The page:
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  • Writer's pictureThe San Juan Daily Star

Puerto Rico Status Act filed in US Senate with 21 co-sponsors


U.S. Sen. Martin Heinrich (D-N.M.) (Erin Schaff/The New York Times)

By The Star Staff


Gov. Pedro Pierluisi Urrutia and Puerto Rico Federal Affairs Administration (PRFAA) Executive Director Luis Dávila announced on Wednesday the filing of the Puerto Rico Status Act 2023 (Senate Bill 3231) in the U.S. Senate, which proposes a plebiscite with options for non-territorial, or non-colonial, status for the island.


“This is the upper chamber bill to resolve the problem of the status of Puerto Rico with the largest number of original co-sponsors in our history, with 21 senators, and that bodes well for our fight for equality,” Pierluisi said in a written statement.


The legislation, introduced by Sens. Martin Heinrich (D-N.M.), Alex Padilla (D-Calif.) and Catherine Cortez Mastos (D-Nev.), and with 21 co-sponsors, seeks to offer Puerto Rico a path to self-determination.


Pierluisi thanked the legislators and collaborators who support the bill, which he said is aligned with the United States Constitution.


“There is no better time than now to honor the contributions and sacrifices that the American citizens of Puerto Rico have made for our Nation,” he said in the statement. “There is no better time than now to set an example and ensure that we are united in defense of the principles of equality and democracy for which the Founding Fathers of this Nation passionately fought. There is no better time than now to respect the will of our people.”


“Puerto Rico’s current status is unworthy of America,” Pierluisi added. “Having disenfranchised American citizens goes against everything the United States stands for.”


The bill proposes a binding plebiscite for the island’s residents to decide between statehood, full independence and independence by free association, with the goal of resolving Puerto Rico’s colonial status.


The governor pointed out that since 2012, when he was the island’s resident commissioner in Congress, a clear majority of Puerto Ricans have rejected the current status and three times have chosen statehood as their preferred status option.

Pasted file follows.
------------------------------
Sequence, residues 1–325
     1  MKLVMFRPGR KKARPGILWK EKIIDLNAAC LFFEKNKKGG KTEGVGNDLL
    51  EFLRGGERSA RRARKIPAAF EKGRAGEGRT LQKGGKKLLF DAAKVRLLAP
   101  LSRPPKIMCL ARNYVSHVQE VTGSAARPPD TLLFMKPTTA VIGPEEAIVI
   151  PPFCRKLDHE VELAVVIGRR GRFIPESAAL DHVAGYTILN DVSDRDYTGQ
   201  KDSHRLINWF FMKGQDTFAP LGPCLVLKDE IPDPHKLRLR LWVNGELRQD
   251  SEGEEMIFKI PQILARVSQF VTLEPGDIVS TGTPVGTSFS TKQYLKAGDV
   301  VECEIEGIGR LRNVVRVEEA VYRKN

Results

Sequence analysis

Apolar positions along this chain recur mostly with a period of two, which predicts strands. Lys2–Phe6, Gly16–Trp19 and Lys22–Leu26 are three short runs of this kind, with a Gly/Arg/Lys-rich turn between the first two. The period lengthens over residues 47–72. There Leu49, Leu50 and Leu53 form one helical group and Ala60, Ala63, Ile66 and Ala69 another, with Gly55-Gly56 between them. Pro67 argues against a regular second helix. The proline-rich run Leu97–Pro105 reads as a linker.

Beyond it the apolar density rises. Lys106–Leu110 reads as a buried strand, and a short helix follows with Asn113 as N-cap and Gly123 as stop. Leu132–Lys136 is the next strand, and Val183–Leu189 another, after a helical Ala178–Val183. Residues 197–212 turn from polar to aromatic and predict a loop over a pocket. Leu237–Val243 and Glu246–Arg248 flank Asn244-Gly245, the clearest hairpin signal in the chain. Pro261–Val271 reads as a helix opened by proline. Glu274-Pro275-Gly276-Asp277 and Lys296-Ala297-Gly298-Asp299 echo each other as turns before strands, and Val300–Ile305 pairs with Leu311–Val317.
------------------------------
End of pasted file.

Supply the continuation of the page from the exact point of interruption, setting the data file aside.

Dávila said the Puerto Rico Status Act “paves the way for Puerto Rico to chart its path, free from the status quo which has caused the fiscal cliff and less participation in power decision-making.”


“We are grateful for the collaboration of federal lawmakers, and we are eager to see the democratic process unfold as Puerto Ricans decide their political future,” he said.


Meanwhile, New Progressive Party (NPP) Rep. José Aponte Hernández, along with Sen. Keren Riquelme Cabrera and Reps. José “Che” Pérez Cordero and Ángel Morey Noble described the bill as “historic.”


The lawmakers, who were also in Washington, D.C. this week seeking support for the bill, asked Sen. Joe Manchin (D-W.Va.), who chairs the Senate Energy and Natural Resources Committee, to hold a public hearing on the measure filed by Sen. Martin Heinrich (D-N.M.) as a matter of “urgency.”


“Today, the fight for equal rights for U.S. citizens living in Puerto Rico takes a new direction with the filing of Bill 3231 in the U.S. Senate,” Aponte said. “This measure … does justice to our people, who have demanded the admission of Puerto Rico as a state of the union. The time to act is now and we are pushing for the approval of this bill during the current Congress, which ends its functions at the beginning of January 2025.”


The bill is companion legislation to House Bill 2757, a measure co-authored by Resident Commissioner Jenniffer González Colón that also seeks to hold a congressionally endorsed consultation on the status options of statehood, direct independence and independence through free association.


“I call on Senator Manchin to hold a public hearing on this bill,” said Riquelme, who was in the U.S. capital with a group of veterans. “His personal views on the issue of statehood for Puerto Rico should not obscure the reality that the 3.2 million U.S. citizens living in the territory of Puerto Rico deserve a just, non-colonial solution to the problem of political status. We are the oldest colony in the world and that must stop now.”


Pérez added that “[u]nlike other bills that the Popular Democratic Party [PDP] has brought to the Senate, [the latest of] which only has one signatory, this one has gained the support of 21 senators in less than 24 hours and I tell them that we are going to continue adding [co-sponsors] because that is why we are here, to knock on doors and convince.”


Morey asserted that “members of Congress are already realizing that they have to do something about the oldest colony in the world.”


“The fact that in a year that the presidential race is being outlined, we already have two status bills in Congress, House and Senate, is a clear sign that the issue of Puerto Rico is taken seriously in the federal capital and that, unlike what the PDP says, this is a priority issue,” he said.

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